The inception of graphic design in Peru may be dated with the pioneer works Claude Dieterich, a calligrapher and hand letterer from Avignon, France, who after studying fine art and graphic design in Grenoble, France, worked as a graphic designer for a variety of magazines and design studios in Paris. After avisit to South America in 1961, he resided in Lima, Peru, where he opened by own graphic design studio. For the next 25 years, Dieterich designed logotypes, corporate identities, and publications, many of which won various awards for excellence. 

He also taught graphic design at the Catholic University in Lima, and during his seven year tenure, he became the dean of the school of Graphic Design. One of Dieterich's most influential calligraphy teachers was Hermann Zapf, with whom he studied in Rochester, New York. Shortly after this period of study in the mid-1980s, he then moved to the United States where he lived in New York and in Miami before settling in the US west coast. Since 2002, he has spent his summer vacations teaching calligraphy in Lima.

Fabian Delaflor a Peruvian graphic designer  working in Miami, Florida,  attended Miami Dade College for graphic design, and began working as a graphic/web designer for the Miami Herald, and soon finished a BFA from the Miami International University of Art and Design. Fabian cites the eccentric art of Ralph Steadman and Robert Crumb as inspiration to his emotionally charged, sometimes dark, and whimsical interpretations of everyday people.

Jesús Ruiz Durand, Cuatro afiches de difusión de la Reforma Agraria (Four propaganda posters for the Agrarian Reform), 1969-1972, Courtesy: Museo de Arte de Lima Collection, Contemporary Art Acquisitions Committee 2007.

Under General Juan Velasco’s military government, Jesús Ruiz Durand designed a propaganda strategy to publicise the regime’s Agrarian and Industrial reform, which aimed to return land to peasant communities and change Peru’s social structure. Unlike other reform processes in Latin America, the implementation of the reform in Peru did not emerge in response to mass actions. Rather, it was the official line promoted by the technical and military leadership, forcing the Government to generate mass diffusion strategies. The posters produced by Durand in collaboration with SINAMOS (a public institution created to channel independent social organisations without links to the government) were heavily distributed among Andean and peasant communities. The artist subverted and resignified North American pop art in order to produce a vernacular, Andean 'pop' with reminiscences of myth.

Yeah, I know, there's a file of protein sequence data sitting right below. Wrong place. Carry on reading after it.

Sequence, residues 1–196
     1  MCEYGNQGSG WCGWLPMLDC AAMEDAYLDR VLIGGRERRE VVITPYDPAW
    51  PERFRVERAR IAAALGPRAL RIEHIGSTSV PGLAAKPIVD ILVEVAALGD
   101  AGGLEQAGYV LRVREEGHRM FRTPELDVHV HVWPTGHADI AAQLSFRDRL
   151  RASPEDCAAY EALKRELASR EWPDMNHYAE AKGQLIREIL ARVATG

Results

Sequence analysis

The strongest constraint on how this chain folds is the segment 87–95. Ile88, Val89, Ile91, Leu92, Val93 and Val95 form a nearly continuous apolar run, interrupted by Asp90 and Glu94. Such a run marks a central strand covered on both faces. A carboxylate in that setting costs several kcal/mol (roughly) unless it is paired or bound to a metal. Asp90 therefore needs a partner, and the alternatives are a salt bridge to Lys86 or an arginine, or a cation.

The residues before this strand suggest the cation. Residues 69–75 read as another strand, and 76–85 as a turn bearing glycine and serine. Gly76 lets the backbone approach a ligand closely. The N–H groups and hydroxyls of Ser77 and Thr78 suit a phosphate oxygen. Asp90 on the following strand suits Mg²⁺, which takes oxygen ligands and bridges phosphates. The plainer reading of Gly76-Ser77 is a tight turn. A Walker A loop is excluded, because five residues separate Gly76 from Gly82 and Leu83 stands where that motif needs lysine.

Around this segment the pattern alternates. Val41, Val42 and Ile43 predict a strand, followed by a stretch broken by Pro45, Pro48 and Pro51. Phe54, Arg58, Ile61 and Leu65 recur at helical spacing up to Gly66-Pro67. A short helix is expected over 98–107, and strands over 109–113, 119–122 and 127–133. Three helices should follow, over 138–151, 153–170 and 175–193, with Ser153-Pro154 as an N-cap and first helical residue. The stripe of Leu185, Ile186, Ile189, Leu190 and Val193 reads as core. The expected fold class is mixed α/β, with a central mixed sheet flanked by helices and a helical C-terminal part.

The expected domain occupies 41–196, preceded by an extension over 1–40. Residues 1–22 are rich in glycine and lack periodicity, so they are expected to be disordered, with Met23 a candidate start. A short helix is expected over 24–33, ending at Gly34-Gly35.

Jesús Ruiz Durand, Cuatro afiches de difusión de la Reforma Agraria (Four propaganda posters for the Agrarian Reform), 1969-1972, Courtesy: Museo de Arte de Lima Collection, Contemporary Art Acquisitions Committee 2007

Alfredo Márquez, Chinachola, 2006 (1988-89), Courtesy: Museo de Arte de Lima, Collection Contemporary Art Acquisitions Committee 2007. In 1989, Taller NN (a name taken from the initials used to label the corpses of unidentified persons) was invited to the 3rd Art and Architecture Biennial of Havana, where the group produced a screen print showing the face of Mao Zedong superimposed with a photograph of prisoners of the subversive group the Shining path caught by the army, and with the slogan: “Viva el Maoismo” (Long live to Maoism!). 

In 1994, one of the Taller NN artists, who had authored this print (Alfredo Márquez), was kidnapped, arrested and tried by faceless judges during the dictatorship of Alberto Fujimori. Accused of ‘defence of terrorism’, virtually the whole series of the edition was destroyed. 

Taller E.P.S. Huayco, Cojudos (Assholes), 1980. Courtesy: Museo de Arte de Lima Collection. In 1980, Taller E.P.S. Huayco reused the image of leftist poet César Vallejo to produce a series of screen prints and stickers. The phrase placed over the poet’s head – “COJUDOS” (“Assholes”) – seems to attempt to reactivate the political aspect of his writing, in contrast with the official image that had involuntarily transformed him into the paradigm of the 'melancholic poet'.


The origin of graphic design in in Venezuela can be traced back to the first newspaper that was published in 1808. Gerd Leufert (1914-1998), born in Klaipeda, Lithuania, is considered the father Venezuelan graphic design. He was also a printmaker, draftsman, photographer, painter, art teacher, and museum curator. His strong interest in printmaking and draftsmanship led to the founding of the Department of Modern Prints and Drawings at the Caracas Museum of Fine Arts and the establishment of the Art Graphic Workshop, also in Caracas, two initiatives that played an important role in the constitution of modern graphic art in Venezuela. He studied at the High School of Design in Hannover, at the School of Arts and Crafts in Mainz and at the kademie der Bildenden Künste München. He moved to Venezuela in 1951. 

In 1957 he was art director of the magazine El Farol, and in the following year he taught composition in the Faculty of Architecture and Cit. y Planning in the Universidad Central de Venezuela, Caracas, and graphic design in the Escuela de Artes Plsticas Cristbal Rojas, of Caracas, becoming director of its graphic arts department. He also taught graphic design in the USA at the University of Iowa, Iowa City, and at the Pratt Institute, New York. On his return to Caracas in 1959, he became a curator at the Museo de Bellas Artes and artistic director of its magazine Visual. With M. F. Nedo, Leufert did much to revive the graphic arts in Venezuela, producing a series of prints in collaboration with Nedo and Alvaro Sotillo as a symbol of this revival. Leufert's best-known work includes Marks, a fusion of writing and graphic design, and Funeral Songs, monochrome works of heroic proportions in which sculpture, painting and graphic design are blended.

Drypoint, plate, Gerd Leufert, 1960